French president and European allies announced their withdrawal from Mali, on Thursday, vowing to remain in Sahel. **According to the French general staff, around 2,500 to 3,000 French soldiers will remain in Sahel following their withdrawal from Mali that should take place within a 6-month period.**
France and European allies are to withdraw troops from Mali. French President Emmanuel Macron announced the strategic move on Thursday after talks with European counterparts participating in the fight against terrorism.
A working dinner had gathered Sahelian presidents and EU leaders to discuss the matter on Wednesday. In a statement, they mentionned “multiple obstruction**s**” by the transitional government of Mali.
“France and its partners involved in counter-terrorism missions, namely the states involved in the Takuba Task Force, have decided to withdraw their military presence in Mali, President Emmanuel Macron said. This withdrawal will result in the closure of the holdings in Gossi, Ménaka and Gao. It will be carried out in an orderly fashion, with the Malian armed forces and the UN mission in Mali.”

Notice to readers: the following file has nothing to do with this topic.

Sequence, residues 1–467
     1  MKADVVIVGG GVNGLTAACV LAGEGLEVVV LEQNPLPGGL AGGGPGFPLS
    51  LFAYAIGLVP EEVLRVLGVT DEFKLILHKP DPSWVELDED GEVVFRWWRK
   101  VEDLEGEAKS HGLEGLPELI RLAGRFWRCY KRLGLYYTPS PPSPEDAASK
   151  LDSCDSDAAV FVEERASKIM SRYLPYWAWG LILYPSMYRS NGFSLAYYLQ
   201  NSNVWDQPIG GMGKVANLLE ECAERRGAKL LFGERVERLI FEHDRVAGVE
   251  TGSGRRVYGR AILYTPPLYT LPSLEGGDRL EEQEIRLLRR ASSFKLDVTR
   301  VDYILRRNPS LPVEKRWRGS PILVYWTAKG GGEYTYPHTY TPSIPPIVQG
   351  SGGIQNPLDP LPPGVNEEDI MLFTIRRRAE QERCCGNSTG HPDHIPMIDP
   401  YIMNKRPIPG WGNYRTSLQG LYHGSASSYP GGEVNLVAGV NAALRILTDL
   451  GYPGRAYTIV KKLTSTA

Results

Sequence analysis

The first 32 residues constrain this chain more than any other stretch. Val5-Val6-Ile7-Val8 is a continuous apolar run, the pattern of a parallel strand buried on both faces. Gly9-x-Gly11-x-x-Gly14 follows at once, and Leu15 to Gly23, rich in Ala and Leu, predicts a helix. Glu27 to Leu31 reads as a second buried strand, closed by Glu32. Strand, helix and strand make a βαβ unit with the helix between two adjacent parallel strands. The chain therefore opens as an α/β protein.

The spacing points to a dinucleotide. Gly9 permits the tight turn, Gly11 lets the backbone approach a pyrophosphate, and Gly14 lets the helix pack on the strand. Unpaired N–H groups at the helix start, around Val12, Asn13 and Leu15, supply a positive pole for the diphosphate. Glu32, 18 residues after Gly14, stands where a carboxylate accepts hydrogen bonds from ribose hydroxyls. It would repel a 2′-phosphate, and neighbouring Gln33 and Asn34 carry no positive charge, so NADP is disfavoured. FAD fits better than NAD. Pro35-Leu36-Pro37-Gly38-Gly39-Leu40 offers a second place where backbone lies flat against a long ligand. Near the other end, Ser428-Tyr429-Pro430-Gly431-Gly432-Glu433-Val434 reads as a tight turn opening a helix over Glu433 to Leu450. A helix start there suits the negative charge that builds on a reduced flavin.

Fight against jihadists
The news comes after a nearly decade-long fight against jihadist insurgents. AU chairperson President Macky Sall insisted on the necessity to rely on a joint African-European action to eliminate terrorism: “We have agreed with Europe that the fight against terrorism in the Sahel cannot be a matter for African countries alone. In addition, on this there is a consensus and it is fortunate that a commitment has been renewed to remain in the region and to reorganize the mechanism.”
France initially sent troops against jihadists in Mali in 2013 but the insurgency was never fully quelled and extended in neighboring countries. Over the years, the military operations had grown unpopular in Mali and in France who lost 53 soldiers.
Over 25,000 foreign troops
President Emmanuel Macron said France will maintain a military presence in neighboring West African nations. The so-called Barkhane force involved in Mali also operates in Chad, Niger, Burkina Faso and Mauritania.The Takuba task force is made up of several hundred special forces troops from about a dozen European countries, including France. There are 25,000 foreign troops currently deployed in the Sahel region.
According to the French general staff, around 2,500 to 3,000 French soldiers will remain in Sahel following their withdrawal from Mali that should take place within a 6-month period.
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